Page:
Middletown South Loses 3-1 Heartbreaker To Allentown In State Sectional Final

MIDDLETOWN – Sometimes, the ball bounces the wrong way, and the ball definitely bounced the wrong way for the Eagles in their 3-1 loss to Allentown Monday in Middletown.

In a classic pitching dual between Middletown South’s ace and Seton Hall commit Mason Christopher, and Allentown’s NJIT commit Eddie Werse, a disputed inside-the-park home run by J.C. Laquara leading off the top of the seventh inning was the difference in the game.

Laquara drilled an offering from Christopher into deep right field that Middletown South right fielder Jack Concordia tracked down and made a leaping attempt to catch, but the ball bounced off his glove. The ball bounced all the way to the base of the fence, and Concordia had trouble finding it before second baseman Brody Tacca finally retrieved it. By that time, Laquara had rounded the bases for the go-ahead run.

Middletown South's head coach, Jeff Karpell, argued the play should’ve been ruled a ground-rule double, but the umpires, after conferring with each other, ruled the play stood.

“Kind of a crazy way to lose,” said Karpell. “I don’t know if I’ve ever seen that before, but it happened. Crazy things happen in sports. You don’t ask why; anything can happen on any given day. The ball got caught up in the mesh out there, and he couldn’t see it. We tell them to put their hands up at that point, which he did, but the umpires ruled once they went down and reached in for it, the ball was still in play, and the runner could advance. They made their ruling, and we have to move on from that.”

Allentown then added an insurance run to push the score to 3-1. Christopher gave up a one-out walk to Anthony O’Rourke, and O’Rourke advanced to second on a 4-3 ground out. Christopher reached his pitch limit at that point, and junior Dan Daley entered in relief to face Grant Howlett with two outs and a man on second. Howlett then lined a ball into left field that was ruled an RBI double on a catchable ball. Left fielder Michael Frandsen appeared to be in position for the catch, but he misplayed the ball, and it actually bounced off his face. Frandsen shook it off and stayed in the game for the final out of the inning.

Middletown South went down quietly in the bottom half of the seventh, with Werse finishing off a complete game on 110 pitches, giving the Redbirds their first CJG III title in six years. Werse struck out 10, walked two, and scattered eight hits.

The Eagles jumped out to a 1-0 lead in the bottom of the second but could’ve had more. Junior first baseman Giuseppe Massagil led off the inning with a line-drive single to center field. Massagil advanced to second on a passed ball and came home on an RBI single down the third-base line by senior Brody Tacca. Tacca stole second, and with two outs, Frandsen grounded a single to left, but Howlett’s one-hop throw to home was on the money and nailed Tacca at the plate.

Middletown South left seven runners on base in scoring position, and that came back to haunt them. They left a runner stranded at second in the bottom of the third. In the fourth, they left the bases loaded; in the fifth, a runner was left standing on third; in the sixth, men were stranded on second and third. Too many scoring opportunities fell by the wayside as Allentown worked in and out of trouble.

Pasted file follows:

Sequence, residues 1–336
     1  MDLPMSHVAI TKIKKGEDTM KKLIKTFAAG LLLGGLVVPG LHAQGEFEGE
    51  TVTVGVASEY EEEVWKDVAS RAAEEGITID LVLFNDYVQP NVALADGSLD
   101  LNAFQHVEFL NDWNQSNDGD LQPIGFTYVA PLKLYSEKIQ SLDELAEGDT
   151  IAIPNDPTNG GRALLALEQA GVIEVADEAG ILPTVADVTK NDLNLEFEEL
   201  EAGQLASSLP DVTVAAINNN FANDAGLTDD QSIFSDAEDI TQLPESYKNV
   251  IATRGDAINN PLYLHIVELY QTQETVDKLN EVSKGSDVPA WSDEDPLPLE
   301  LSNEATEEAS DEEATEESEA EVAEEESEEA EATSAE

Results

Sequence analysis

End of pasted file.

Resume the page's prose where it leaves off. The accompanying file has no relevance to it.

“We had a lot of opportunities to push some more runs across,” said Karpell. “But give them credit. That pitcher (Werse) bared down. Every time he needed a big out, he got it. I give a lot of credit to him and their crew; they did a great job today.”

Allentown tied the score at one in the top of the fifth on an unearned run. With two outs, O’Rourke chopped a ball to first that Massagil booted. O’Rourke advanced to second on a passed ball and scored on a ground single up the middle by Max Kleinz. Shortstop Carmine DeCrescenszo's acrobatic bare-handed grab and throw to first for the second out of the inning prevented further damage.

Christopher was the hard-luck loser tossing one of his best games of the year when it counted most. The lefty gave up three runs (one earned run), three hits, struck out nine and walked three.

“I’ve coached Mason for two years, and that was probably the best game he’s thrown from start to finish,” said Karpell. “He really gave us a chance to win today; what an outstanding job.”

It was a devastating loss for the Eagles and a tough one to swallow, but that’s baseball. If you play the game long enough, you’ll experience the heartbreaking defeats as well as the exhilarating victories. That’s why you play the game.

“What a great season we had with this group; it’s been a lot of fun,” Karpell said after the game. “I know it didn’t end the way we wanted it to, but we’re so very proud of them and what they accomplished this season.

“I told them, in every game, there’s got to be a winner and a team that doesn't accomplish their goal,” added Karpell. “And that’s the tough reality in sports. You have visions of moving on, and just like that, your season’s over. That’s the harsh reality of the state tournament; your season ends just like that. So, it’s a sudden end to a very great season.”

Be sure to check out and @JSNSPORTINGNEWS for updates on Allentown and its tournament run!

Photo by Mike Ready
Eagles coach Jeff Karpell addressing team after loss

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